may even yield to low-ranking females, particularly when groups of females form alliances.4 Widening his gaze beyond social ranking and attack behavior among great apes, Japanese primatologist Kinji Imanishi (see Anthropologists of Note) initiated field studies of bonobos, investigating and demonstrating the importance of social cooperation rather than competition. Likewise, Dutch primatologist Frans de Waal’s research, highlighted in the following Original Study, shows that reconciliation after an attack may be even more important from an evolutionary perspective than the actual attack.


de Waal, F., Kano, T., & Parish, A. R. (1998). Comments. Current Anthropology 39, 408, 410, 413.

Original Study

Reconciliation and Its Cultural Modification in Primates by Frans B. M. de Waal the other and both rubbing their clitorises and genital swellings together in a pattern known as genito-genital rubbing, or GG-rubbing. This sexual contact, typical of bonobos, constitutes a so-called reconciliation. Chimpanzees, which are closely related to bonobos (and to us: bonobos and chimpanzees are our closest animal relatives), usually reconcile in a less sexual fashion, with an embrace and mouth-to-mouth kiss. We now possess evidence for reconciliation in more than twenty-five different primate species, not just in apes but also in many monkeys—and in studies conducted on human children in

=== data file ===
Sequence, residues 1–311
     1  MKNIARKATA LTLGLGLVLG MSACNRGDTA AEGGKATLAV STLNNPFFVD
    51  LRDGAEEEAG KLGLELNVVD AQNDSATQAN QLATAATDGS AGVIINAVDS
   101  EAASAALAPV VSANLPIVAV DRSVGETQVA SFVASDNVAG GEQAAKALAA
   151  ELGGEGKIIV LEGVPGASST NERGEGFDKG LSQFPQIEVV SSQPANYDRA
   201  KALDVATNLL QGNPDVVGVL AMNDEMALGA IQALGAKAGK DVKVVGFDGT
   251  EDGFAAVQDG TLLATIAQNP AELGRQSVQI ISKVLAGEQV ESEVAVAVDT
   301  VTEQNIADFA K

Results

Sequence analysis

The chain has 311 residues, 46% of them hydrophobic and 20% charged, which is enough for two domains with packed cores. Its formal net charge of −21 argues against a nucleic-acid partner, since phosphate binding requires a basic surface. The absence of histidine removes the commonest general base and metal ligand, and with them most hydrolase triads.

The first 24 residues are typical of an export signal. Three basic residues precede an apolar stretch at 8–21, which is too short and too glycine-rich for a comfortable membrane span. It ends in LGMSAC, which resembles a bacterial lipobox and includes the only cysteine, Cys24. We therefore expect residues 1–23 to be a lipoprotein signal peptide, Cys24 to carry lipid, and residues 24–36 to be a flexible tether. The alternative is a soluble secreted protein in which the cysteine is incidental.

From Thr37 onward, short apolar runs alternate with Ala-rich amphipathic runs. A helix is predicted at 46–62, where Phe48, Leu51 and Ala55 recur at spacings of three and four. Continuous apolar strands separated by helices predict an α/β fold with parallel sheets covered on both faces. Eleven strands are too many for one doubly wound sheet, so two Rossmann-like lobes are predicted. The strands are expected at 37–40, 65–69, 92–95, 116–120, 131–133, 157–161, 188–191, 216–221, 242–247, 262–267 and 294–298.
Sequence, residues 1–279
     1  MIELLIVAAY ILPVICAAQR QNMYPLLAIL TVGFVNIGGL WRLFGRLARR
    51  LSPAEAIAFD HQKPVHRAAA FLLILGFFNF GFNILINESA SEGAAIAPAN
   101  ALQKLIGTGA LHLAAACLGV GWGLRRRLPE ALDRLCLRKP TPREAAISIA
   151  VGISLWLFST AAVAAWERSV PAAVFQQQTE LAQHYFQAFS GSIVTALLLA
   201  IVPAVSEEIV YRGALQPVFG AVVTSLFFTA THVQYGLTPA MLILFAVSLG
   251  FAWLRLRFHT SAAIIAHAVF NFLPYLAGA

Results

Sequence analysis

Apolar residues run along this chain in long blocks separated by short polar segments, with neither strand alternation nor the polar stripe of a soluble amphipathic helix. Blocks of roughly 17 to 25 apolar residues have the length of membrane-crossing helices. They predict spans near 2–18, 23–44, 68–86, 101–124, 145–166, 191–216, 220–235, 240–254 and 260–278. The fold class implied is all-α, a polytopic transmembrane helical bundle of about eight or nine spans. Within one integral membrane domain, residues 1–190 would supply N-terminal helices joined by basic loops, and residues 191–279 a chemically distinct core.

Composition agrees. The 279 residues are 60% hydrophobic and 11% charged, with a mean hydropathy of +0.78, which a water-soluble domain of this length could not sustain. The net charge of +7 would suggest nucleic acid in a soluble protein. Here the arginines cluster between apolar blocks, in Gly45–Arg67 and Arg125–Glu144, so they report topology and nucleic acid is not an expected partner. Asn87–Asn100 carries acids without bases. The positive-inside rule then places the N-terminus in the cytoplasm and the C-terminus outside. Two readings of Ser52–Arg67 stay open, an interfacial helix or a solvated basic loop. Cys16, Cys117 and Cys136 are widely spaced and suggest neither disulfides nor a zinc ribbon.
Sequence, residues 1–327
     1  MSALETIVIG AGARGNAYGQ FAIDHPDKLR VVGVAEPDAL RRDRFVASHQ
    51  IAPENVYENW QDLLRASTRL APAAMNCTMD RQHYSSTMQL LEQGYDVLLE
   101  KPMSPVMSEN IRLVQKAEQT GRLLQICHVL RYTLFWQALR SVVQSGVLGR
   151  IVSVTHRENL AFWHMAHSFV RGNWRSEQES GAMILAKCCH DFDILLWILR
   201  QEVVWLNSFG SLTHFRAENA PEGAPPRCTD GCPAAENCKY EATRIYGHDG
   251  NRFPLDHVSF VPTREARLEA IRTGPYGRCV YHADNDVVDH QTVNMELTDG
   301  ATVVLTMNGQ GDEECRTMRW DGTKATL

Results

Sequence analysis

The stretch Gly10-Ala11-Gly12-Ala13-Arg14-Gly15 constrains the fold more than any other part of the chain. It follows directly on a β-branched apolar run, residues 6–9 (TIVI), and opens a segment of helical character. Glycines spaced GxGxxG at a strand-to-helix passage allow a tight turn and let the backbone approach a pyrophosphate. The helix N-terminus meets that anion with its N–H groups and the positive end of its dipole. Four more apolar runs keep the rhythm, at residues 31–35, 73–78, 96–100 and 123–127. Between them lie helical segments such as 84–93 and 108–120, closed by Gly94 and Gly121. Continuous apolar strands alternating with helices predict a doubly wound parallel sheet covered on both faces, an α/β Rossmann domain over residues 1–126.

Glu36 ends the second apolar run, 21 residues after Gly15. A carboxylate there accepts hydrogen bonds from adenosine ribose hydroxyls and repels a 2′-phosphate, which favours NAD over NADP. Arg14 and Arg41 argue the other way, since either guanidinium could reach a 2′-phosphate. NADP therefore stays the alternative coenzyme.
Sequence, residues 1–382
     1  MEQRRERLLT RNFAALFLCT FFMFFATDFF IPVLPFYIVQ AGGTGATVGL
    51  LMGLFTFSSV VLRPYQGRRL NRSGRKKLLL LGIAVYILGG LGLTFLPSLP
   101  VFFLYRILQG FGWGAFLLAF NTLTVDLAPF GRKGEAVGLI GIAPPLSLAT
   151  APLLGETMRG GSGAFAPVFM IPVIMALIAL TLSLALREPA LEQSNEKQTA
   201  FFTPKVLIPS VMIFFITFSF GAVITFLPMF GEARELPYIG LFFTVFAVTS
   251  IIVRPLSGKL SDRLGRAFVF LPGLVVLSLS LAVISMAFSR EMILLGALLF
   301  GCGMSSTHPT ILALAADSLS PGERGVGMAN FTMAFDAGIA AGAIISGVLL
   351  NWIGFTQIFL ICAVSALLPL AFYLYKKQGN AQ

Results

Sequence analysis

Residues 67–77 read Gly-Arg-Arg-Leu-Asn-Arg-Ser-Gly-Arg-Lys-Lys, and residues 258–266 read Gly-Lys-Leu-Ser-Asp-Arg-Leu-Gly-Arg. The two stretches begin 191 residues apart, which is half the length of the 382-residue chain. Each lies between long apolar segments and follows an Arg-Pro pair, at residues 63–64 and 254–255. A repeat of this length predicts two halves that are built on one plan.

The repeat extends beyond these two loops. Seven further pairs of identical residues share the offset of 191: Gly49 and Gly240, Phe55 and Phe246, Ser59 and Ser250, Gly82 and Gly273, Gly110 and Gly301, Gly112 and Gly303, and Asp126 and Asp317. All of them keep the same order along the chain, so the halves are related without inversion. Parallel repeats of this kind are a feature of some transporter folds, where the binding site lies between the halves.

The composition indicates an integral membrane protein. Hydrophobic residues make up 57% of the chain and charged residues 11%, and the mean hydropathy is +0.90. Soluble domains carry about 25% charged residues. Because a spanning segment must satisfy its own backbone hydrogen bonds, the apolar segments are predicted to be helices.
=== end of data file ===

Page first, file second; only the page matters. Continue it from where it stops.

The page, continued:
© Amy Parish/Anthro-Photo

Despite the continuing popularity of the struggle-for-life metaphor, it is now recognized that there are drawbacks to open competition, hence that there are sound evolutionary reasons for curbing it. The dependency of social animals on group life and cooperation makes aggression a socially costly strategy. The basic dilemma facing many animals, including humans, is that they sometimes cannot win a fight without losing a friend. This photo shows what may happen after a conflict—in this case between two female bonobos. About 10 minutes after their fight, the two females approach each other, with one clinging to

Two adult female bonobos engage in so-called GG-rubbing, a sexual form of reconciliation typical of the species.